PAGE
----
A French court on Thursday convicted former president Jacques Chirac [BBC profile; JURIST news archive] on corruption charges, handing him a two-year suspended sentence. The charges stem from his time as mayor of the city of Paris and accused him of using public funds to support his political ambitions. In September, the prosecution asked the court to drop all charges against Chirac [JURIST report] and his nine co-defendants. Two of the nine were acquitted, but the other seven were also found guilty [BBC report]. Chirac, who was absent from much of his trial due to failing health, was not present [Le Monde report, in French] for Thursday's verdict. The first former French president to face prosecution, Chirac could have faced a maximum sentence of 10 years in prison. It is unclear whether he plans to appeal.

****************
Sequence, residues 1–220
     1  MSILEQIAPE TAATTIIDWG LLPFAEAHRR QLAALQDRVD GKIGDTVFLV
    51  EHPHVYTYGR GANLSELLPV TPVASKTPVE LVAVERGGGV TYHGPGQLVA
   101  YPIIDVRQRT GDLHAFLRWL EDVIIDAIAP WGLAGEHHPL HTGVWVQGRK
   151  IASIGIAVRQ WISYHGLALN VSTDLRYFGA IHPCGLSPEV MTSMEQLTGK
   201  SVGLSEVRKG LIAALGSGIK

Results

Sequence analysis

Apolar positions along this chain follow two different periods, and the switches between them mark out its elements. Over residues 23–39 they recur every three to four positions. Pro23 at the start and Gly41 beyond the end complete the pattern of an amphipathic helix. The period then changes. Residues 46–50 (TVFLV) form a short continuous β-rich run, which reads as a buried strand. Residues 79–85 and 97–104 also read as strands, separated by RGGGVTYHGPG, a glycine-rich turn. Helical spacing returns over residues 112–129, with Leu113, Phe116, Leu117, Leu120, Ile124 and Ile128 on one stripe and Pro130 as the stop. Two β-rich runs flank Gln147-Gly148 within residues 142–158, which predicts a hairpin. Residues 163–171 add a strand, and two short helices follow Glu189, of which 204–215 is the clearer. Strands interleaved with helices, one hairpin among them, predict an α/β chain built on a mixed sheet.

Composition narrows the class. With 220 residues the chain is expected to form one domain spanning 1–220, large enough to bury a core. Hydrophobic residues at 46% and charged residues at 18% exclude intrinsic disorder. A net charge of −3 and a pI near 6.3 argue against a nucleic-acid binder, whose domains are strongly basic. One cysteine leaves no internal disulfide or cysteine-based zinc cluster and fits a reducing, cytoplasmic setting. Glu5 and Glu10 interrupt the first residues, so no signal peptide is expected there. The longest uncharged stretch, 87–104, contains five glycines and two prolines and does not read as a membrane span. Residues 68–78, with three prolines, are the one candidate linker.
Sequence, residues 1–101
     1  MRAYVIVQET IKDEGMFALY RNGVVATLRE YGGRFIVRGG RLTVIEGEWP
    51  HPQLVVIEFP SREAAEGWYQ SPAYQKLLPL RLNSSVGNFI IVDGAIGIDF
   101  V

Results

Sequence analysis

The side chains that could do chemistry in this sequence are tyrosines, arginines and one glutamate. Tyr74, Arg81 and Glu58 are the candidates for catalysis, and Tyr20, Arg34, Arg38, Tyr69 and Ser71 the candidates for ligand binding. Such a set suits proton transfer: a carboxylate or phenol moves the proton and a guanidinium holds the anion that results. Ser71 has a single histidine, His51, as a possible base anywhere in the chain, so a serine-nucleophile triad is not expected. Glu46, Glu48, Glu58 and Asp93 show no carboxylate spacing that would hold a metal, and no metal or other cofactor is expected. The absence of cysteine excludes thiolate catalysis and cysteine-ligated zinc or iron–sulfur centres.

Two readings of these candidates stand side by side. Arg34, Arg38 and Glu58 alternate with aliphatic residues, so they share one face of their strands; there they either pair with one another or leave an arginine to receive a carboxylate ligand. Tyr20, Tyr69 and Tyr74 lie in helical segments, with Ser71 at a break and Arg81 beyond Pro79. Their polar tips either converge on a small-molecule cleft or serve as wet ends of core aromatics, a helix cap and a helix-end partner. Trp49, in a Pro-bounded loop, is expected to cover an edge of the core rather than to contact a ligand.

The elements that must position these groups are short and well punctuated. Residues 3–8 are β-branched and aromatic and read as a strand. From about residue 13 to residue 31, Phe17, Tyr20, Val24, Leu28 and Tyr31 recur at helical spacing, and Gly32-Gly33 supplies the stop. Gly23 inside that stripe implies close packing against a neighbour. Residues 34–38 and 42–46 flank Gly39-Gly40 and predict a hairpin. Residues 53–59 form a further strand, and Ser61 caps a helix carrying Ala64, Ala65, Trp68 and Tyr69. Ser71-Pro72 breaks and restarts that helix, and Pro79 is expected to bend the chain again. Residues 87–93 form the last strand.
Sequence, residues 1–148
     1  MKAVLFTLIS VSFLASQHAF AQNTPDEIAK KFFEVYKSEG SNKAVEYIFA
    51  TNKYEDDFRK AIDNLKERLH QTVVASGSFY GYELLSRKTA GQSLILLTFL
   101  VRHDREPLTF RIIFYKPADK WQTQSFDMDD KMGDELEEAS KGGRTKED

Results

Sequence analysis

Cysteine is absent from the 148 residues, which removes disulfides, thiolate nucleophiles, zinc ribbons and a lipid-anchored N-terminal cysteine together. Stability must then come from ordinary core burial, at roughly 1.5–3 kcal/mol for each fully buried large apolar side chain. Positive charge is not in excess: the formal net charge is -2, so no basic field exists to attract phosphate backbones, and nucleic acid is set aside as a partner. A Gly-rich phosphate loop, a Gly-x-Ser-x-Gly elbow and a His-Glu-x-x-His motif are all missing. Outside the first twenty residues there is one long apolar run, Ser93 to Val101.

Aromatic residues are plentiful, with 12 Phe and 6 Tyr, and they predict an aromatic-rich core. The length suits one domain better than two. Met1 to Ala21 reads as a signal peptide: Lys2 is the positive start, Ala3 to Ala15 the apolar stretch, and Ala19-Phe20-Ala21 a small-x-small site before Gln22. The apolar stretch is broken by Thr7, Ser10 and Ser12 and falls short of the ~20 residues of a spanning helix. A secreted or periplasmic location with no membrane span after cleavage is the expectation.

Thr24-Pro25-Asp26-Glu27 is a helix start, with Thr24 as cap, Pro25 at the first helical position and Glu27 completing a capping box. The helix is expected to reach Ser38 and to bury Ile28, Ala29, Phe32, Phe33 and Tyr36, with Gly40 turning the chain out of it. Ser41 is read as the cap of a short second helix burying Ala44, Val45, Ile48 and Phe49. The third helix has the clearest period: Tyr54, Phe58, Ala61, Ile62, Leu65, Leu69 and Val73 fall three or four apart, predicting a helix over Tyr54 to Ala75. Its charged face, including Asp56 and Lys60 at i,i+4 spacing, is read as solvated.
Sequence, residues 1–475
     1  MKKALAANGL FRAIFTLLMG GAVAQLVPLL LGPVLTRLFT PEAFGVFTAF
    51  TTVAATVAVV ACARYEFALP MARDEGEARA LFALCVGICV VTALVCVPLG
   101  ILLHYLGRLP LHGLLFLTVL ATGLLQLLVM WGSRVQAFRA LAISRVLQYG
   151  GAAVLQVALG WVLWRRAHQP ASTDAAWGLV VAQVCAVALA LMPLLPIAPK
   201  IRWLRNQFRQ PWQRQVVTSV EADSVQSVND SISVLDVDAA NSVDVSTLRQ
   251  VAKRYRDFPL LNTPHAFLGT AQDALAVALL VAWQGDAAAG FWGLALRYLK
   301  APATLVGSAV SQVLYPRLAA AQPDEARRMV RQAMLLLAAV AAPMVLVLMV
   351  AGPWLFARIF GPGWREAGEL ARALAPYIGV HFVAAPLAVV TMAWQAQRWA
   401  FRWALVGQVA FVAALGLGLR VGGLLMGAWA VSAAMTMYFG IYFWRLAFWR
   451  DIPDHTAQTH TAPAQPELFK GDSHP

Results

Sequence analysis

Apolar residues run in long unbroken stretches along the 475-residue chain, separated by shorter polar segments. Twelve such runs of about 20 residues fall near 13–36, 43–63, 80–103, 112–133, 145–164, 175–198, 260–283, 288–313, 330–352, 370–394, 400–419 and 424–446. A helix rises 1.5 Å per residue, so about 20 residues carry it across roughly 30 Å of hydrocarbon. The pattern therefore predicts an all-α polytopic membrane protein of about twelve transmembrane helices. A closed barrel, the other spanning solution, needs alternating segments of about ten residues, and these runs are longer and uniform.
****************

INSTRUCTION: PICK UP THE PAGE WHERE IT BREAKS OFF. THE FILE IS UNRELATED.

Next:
While the verdict brings an end to this particular trial, Chirac still faces other legal woes. In September the prosecutor's office began an inquiry into allegations [JURIST report] against Chirac and his prime minister Dominique de Villepin over the receipt of millions of dollars from African leaders. The accusations against the two former French officials were made by a lawyer who worked as an aide to Chirac and claims to have participated in the passage of over $20 million in cash from African leaders to be used as political donations. All of the alleged donations came from leaders of former French colonies. An investigation has also been launched by the Paris Bar into the actions taken by the accuser as his involvement with the passage of these funds is unethical within the legal profession. Villepin, like Chirac, had also been the subject of another trial, which involved accusations that he participated in a smear campaign against current President Nicolas Sarkozy [official website, in French], but was recently acquitted [JURIST report].